Britannia or Britanniae is the area of the island of Great Britain that is governed by the Roman Empire, from 43 to 410 AD. It comprised almost all of England and Wales and, for a short period, southern Scotland.
Julius Caesar invaded Britain in 55 and 54 BC as part of his Gallic Wars. The Britons had been overrun or culturally assimilated by other Celtic tribes during the British Iron Age and had been aiding Caesar's enemies. He received tribute, installed a friendly king over the Trinovantes and returned to Gaul. Planned invasions under Augustus were called off in 34, 27, and 25 BC. In 40 AD, Caligula assembled 200,000 men at the Channel, only to have them gather seashells. Three years later, Claudius directed four legions to invade Britain and restore an exiled king over the Atrebates. The Romans defeated the Catuvellauni and then organized their conquests as the Province of Britain (Latin: Provincia Britannia). By the year 47, the Romans held the lands southeast of the Fosse Way.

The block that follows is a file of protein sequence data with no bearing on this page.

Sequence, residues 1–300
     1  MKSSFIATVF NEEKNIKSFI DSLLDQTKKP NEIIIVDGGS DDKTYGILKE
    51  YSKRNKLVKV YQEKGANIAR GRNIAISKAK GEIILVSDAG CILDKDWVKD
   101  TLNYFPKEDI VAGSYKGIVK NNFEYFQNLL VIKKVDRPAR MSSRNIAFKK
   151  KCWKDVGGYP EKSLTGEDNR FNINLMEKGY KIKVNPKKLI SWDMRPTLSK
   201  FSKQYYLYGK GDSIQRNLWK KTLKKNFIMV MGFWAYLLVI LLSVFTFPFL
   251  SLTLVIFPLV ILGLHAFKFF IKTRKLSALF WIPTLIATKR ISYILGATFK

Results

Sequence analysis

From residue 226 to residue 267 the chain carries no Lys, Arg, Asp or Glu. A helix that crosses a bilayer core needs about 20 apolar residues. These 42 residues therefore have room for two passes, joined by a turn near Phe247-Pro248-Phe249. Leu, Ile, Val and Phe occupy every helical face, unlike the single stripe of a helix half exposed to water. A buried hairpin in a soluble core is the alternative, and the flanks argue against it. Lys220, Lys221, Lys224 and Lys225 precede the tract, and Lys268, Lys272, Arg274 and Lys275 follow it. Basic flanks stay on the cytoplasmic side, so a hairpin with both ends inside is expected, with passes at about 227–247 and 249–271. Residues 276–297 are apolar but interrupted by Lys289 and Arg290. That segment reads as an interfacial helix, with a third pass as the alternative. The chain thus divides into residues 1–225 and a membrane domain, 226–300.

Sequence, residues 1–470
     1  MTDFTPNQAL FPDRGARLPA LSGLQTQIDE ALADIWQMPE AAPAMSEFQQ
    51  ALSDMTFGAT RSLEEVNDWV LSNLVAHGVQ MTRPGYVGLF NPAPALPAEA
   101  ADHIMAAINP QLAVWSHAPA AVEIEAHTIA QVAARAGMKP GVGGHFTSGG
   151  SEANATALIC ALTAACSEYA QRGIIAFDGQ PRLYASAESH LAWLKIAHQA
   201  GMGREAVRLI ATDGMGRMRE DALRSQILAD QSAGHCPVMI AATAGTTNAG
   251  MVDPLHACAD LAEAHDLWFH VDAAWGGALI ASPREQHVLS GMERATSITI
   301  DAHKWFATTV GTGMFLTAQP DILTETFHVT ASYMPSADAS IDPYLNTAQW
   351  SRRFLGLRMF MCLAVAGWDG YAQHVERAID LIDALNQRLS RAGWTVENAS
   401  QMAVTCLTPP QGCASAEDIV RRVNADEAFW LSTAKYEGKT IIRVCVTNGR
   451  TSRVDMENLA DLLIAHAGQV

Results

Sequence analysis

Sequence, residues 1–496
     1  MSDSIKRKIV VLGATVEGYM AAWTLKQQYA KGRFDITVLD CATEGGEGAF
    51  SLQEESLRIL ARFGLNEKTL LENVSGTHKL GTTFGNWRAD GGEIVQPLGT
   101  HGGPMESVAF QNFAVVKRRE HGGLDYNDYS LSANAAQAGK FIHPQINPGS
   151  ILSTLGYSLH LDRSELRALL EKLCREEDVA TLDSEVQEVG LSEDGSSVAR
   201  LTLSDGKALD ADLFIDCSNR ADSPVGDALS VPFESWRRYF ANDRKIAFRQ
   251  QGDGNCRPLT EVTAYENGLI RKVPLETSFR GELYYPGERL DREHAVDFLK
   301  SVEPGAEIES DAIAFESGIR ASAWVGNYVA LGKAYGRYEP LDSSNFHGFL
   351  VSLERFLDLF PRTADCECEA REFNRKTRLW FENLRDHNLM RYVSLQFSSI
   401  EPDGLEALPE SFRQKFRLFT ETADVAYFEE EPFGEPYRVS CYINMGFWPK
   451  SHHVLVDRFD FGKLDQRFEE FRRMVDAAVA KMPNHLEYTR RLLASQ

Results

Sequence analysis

As Rome progressed, they were unable to take Caledonia (modern day Scotland) and to keep a defense against the tribes, a massive wall was constructed. During the reign of Nero, they made an agreeable alliance and great friendship with the Celtic king Oswald, who controlled a vast majority of the Celts, and had connections, to the tribes in Caledonia.
However things changed with Nero having the governor replaced by his two sons, Commodus and Basillius. However their cruel and harsh laws inadvertently cause a full scale rebellion, that has Commodus captured and with rebellion spreading even into Rome.